A Kansas City photographer who documented graduations, a St. Louis high school freshman who loved to dance, and a Springfield police officer who responded to a mass shooting at a gas station were among 689 people shot and killed in Missouri in 2020, a year that may be state’s deadliest ever for gun violence, reports the Kansas City Star. The trend was driven by the state’s two largest cities, with 266 gun homicides in St. Louis and 161 in Kansas City. Springfield, the third-largest city, saw fatal shootings more than double, with 23. By year’s end, Missouri had the nation’s third highest per-capita rate of gun deaths, behind Louisiana and Mississippi. To understand the scope of gun violence, the Star interviewed experts, gathered information about dozens of shooting victims, and analyzed data from police and the Gun Violence Archive, which tracks gun incidents.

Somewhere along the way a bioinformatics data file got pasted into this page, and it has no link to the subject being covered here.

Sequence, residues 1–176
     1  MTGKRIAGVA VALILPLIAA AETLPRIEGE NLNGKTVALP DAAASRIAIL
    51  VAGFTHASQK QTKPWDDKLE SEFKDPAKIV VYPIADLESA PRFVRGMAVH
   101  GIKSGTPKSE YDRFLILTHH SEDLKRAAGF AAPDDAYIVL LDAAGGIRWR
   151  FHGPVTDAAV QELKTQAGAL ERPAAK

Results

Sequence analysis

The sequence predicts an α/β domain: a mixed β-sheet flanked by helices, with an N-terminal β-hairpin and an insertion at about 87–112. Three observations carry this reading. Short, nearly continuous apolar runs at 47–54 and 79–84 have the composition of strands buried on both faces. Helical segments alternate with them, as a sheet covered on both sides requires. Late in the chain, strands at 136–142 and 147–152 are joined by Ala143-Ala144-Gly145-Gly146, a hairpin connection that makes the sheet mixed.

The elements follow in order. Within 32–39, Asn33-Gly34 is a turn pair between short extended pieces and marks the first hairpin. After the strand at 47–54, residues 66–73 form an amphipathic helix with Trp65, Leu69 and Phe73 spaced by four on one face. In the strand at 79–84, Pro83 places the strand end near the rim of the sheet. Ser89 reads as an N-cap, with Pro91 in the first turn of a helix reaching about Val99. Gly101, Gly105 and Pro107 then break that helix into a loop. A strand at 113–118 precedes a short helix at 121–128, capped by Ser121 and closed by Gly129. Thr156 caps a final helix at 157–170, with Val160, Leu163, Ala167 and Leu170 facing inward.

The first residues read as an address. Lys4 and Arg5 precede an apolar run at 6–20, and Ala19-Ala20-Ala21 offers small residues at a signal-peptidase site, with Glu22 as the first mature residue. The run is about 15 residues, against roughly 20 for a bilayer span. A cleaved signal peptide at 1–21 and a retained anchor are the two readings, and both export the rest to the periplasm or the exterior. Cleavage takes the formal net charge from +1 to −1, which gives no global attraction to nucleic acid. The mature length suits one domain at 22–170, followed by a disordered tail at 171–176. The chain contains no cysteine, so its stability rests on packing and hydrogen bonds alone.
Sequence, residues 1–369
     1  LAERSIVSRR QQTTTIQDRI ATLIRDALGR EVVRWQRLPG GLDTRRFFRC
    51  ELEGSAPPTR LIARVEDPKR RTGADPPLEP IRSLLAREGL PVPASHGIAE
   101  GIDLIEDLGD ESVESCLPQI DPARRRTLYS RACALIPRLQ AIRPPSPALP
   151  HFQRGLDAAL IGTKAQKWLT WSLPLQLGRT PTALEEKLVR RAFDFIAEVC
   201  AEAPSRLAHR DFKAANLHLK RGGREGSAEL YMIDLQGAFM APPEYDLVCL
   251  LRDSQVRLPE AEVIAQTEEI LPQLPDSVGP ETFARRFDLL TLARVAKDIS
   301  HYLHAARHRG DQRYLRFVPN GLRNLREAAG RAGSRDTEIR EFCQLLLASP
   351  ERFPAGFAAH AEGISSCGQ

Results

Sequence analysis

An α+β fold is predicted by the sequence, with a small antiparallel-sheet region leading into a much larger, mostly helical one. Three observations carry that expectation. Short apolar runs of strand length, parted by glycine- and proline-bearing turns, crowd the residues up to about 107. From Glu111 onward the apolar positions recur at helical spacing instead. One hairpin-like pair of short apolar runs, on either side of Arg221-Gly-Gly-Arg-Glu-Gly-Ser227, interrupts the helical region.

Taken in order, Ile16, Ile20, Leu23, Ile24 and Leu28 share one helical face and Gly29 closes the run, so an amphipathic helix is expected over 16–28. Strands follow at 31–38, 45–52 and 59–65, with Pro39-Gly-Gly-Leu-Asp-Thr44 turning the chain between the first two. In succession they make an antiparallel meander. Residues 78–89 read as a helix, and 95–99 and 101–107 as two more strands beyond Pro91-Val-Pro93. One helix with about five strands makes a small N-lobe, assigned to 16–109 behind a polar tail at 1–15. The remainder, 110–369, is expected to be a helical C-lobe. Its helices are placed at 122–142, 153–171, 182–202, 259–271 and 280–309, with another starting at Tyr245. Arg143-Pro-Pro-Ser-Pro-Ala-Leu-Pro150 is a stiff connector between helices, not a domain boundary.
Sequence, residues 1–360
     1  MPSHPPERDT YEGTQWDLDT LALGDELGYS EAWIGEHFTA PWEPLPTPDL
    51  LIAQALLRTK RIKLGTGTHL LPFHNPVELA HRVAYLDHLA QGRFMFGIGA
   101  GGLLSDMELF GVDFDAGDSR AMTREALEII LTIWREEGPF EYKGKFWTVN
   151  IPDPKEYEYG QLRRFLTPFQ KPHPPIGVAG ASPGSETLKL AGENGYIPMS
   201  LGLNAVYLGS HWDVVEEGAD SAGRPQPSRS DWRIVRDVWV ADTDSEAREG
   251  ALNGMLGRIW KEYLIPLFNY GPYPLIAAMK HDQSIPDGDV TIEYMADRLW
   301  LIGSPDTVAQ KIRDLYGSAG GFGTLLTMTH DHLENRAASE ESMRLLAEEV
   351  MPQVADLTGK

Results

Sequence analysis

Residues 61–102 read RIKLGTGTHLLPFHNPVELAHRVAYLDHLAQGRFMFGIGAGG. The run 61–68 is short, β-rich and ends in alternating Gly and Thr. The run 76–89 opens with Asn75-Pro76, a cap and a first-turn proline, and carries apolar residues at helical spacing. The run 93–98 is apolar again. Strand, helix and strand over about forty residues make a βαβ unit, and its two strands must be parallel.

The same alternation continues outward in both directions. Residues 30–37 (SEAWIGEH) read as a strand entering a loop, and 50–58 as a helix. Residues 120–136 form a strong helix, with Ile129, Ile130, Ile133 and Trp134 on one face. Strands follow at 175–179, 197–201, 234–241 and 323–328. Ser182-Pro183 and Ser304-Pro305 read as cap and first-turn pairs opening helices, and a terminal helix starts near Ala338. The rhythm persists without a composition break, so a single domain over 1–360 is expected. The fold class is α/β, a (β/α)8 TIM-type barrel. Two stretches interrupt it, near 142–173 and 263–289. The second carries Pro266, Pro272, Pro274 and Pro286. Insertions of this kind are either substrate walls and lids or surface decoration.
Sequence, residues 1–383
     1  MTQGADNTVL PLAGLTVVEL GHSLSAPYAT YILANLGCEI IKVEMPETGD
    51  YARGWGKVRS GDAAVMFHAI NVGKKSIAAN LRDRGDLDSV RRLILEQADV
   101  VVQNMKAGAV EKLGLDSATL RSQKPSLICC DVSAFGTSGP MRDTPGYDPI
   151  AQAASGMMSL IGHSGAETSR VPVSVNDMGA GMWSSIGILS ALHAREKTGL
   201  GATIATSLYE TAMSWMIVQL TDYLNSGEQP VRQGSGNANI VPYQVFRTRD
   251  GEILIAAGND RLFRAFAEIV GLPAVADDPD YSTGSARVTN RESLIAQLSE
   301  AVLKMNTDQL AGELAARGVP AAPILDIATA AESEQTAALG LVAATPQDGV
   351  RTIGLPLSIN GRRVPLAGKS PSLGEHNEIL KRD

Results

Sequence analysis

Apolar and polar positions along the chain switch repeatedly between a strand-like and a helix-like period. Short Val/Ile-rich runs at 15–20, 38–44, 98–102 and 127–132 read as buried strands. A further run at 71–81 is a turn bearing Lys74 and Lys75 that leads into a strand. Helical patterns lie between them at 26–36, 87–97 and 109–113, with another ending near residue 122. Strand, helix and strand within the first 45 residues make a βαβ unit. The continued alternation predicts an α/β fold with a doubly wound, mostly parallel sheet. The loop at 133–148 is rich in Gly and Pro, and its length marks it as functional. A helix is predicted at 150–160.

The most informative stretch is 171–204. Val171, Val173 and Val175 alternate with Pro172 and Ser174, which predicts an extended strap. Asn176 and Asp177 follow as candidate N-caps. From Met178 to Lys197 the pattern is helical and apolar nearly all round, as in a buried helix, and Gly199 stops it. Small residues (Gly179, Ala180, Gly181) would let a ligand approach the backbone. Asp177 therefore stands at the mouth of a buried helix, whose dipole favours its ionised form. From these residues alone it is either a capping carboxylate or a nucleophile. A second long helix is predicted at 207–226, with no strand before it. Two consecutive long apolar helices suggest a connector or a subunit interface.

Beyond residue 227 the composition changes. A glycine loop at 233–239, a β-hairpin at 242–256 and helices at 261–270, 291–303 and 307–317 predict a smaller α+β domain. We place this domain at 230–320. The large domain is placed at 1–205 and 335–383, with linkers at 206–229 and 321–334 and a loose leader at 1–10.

The Star assembled profiles of 60 victims. Details and photographs were collected from interviews with friends and families, obituaries and news reports from the St. Louis Post-Dispatch and the Springfield News-Leader. The effort is part of the Missouri Gun Violence Project, a two-year, statewide solutions journalism collaboration supported by the Report for America and the Missouri Foundation for Health. People grappling with violence — criminologists, health care professionals, violence interrupters, law enforcement officials — say the coronavirus pandemic’s disruptions aggravated gun violence problems, putting people more at risk and hampering prevention efforts. Within 15 minutes of ringing in the New Year, St. Louis saw its first two homicides of 2021, in a double shooting. “So both Kansas City and St. Louis entered the current period poised for a continued increase in violence this year, unlike other cities,” said criminologist Richard Rosenfeld of the University of Missouri-St. Louis. “A longstanding crime drop has been overturned, and that is not the case in other cities.”